Tuesday, August 12, 2008

Straightening the Teeth

Congresswoman Virginia Foxx hosted a fundraiser last Saturday for State Senate candidate Jerry Butler at the Hound Ears clubhouse, and why wouldn't she raise money for the man who wants the seat she once warmed in the state legislature? No word in the article about how much they raised for Butler, who's been forced to loan his own campaign $36,000, according to campaign finance filings at the State Board of Elections. Third Quarter campaign finance reports are not due in Raleigh until Oct. 27th, so we'll have to wait until then to see how much Madam Foxx and the other pooh-bahs forked over to the Boone dentist.

We've been looking a little more closely into the disciplinary consent order handed down against Butler in 1990 by the North Carolina State Board of Dental Examiners, the document that suspended Butler's license to practice dentistry for 30 days and imposed a two-year probationary licensing period following that (Butler's primary opponent used this license suspension against him last spring). The order required Butler to publish an ad once a month for six months, "in a newspaper of general circulation in Watauga County," stating "I am NOT an orthodontist."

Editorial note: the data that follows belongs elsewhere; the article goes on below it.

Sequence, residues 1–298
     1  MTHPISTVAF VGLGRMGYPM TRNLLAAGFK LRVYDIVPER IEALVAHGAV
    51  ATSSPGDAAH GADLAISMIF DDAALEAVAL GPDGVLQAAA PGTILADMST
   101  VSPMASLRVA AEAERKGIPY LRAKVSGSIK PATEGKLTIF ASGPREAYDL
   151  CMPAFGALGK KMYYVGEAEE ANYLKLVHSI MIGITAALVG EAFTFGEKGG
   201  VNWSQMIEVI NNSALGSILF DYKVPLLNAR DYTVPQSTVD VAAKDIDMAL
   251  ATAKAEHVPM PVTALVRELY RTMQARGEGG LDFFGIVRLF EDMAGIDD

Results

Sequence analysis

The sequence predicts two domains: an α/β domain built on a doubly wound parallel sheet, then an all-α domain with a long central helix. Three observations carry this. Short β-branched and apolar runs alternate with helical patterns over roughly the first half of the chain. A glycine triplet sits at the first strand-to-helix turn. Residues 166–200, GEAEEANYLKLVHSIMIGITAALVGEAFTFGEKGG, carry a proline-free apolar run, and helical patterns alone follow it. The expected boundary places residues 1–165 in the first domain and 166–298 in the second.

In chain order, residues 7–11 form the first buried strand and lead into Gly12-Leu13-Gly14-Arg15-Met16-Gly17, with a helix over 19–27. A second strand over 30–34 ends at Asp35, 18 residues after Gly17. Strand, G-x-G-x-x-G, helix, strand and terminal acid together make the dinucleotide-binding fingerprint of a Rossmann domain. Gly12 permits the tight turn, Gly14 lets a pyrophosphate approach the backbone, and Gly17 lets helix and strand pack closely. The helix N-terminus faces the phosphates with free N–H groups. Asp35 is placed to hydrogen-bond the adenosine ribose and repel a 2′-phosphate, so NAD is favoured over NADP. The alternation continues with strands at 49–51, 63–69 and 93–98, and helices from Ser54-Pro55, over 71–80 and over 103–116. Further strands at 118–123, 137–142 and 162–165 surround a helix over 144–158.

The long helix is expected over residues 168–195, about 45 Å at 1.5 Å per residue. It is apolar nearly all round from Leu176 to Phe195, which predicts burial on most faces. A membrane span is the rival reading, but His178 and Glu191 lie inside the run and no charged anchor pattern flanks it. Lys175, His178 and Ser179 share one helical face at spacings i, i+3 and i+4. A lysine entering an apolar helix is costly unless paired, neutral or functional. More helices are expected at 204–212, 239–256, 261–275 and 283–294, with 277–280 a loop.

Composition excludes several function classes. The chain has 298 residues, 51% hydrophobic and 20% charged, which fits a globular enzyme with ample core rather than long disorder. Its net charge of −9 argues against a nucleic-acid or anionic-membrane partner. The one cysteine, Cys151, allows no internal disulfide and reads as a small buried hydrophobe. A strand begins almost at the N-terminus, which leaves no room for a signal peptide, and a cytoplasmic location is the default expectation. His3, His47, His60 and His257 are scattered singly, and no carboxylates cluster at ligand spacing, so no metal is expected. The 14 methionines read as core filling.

The requirement of the ad stating the negative about Butler's qualifications to straighten teeth followed on three separate illegal advertisements by Butler that he WAS an orthodontist and could fit little Susie or Johnnie with braces. According to the "Findings of Fact" in the consent order of 1990, Butler first advertised himself as an orthodontist in 1982, in the Boone telephone directory. Since Butler "has never been qualified under the Board's rules to advertise as a specialist in orthodontics," he was ordered to print a retraction of the telephone directory listing in the local newspaper and to "discontinue the advertisements in future editions of the directory."

Well, Butler did discontinue advertising himself illegally in the telephone directory for a while. Instead, in 1987 he advertised as an orthodontist in the "Big Wednesday" edition of the Watauga Democrat. He was told to "stop it" by the Dental Board. So in 1990 he went back to the classified section of the local telephone book and advertised again as an orthodontist. At which point the Dental Board had had enough and lowered the boom, such as it was.

Butler now wants to be our state senator, kicking out Steve Goss, one of the hardest working members of the state legislature in this or in any other state. Butler wants to achieve this goal (and Madam Foxx is helping him) by running against Goss in somewhat the same way he practiced orthodontics.

That is to say, dishonestly.

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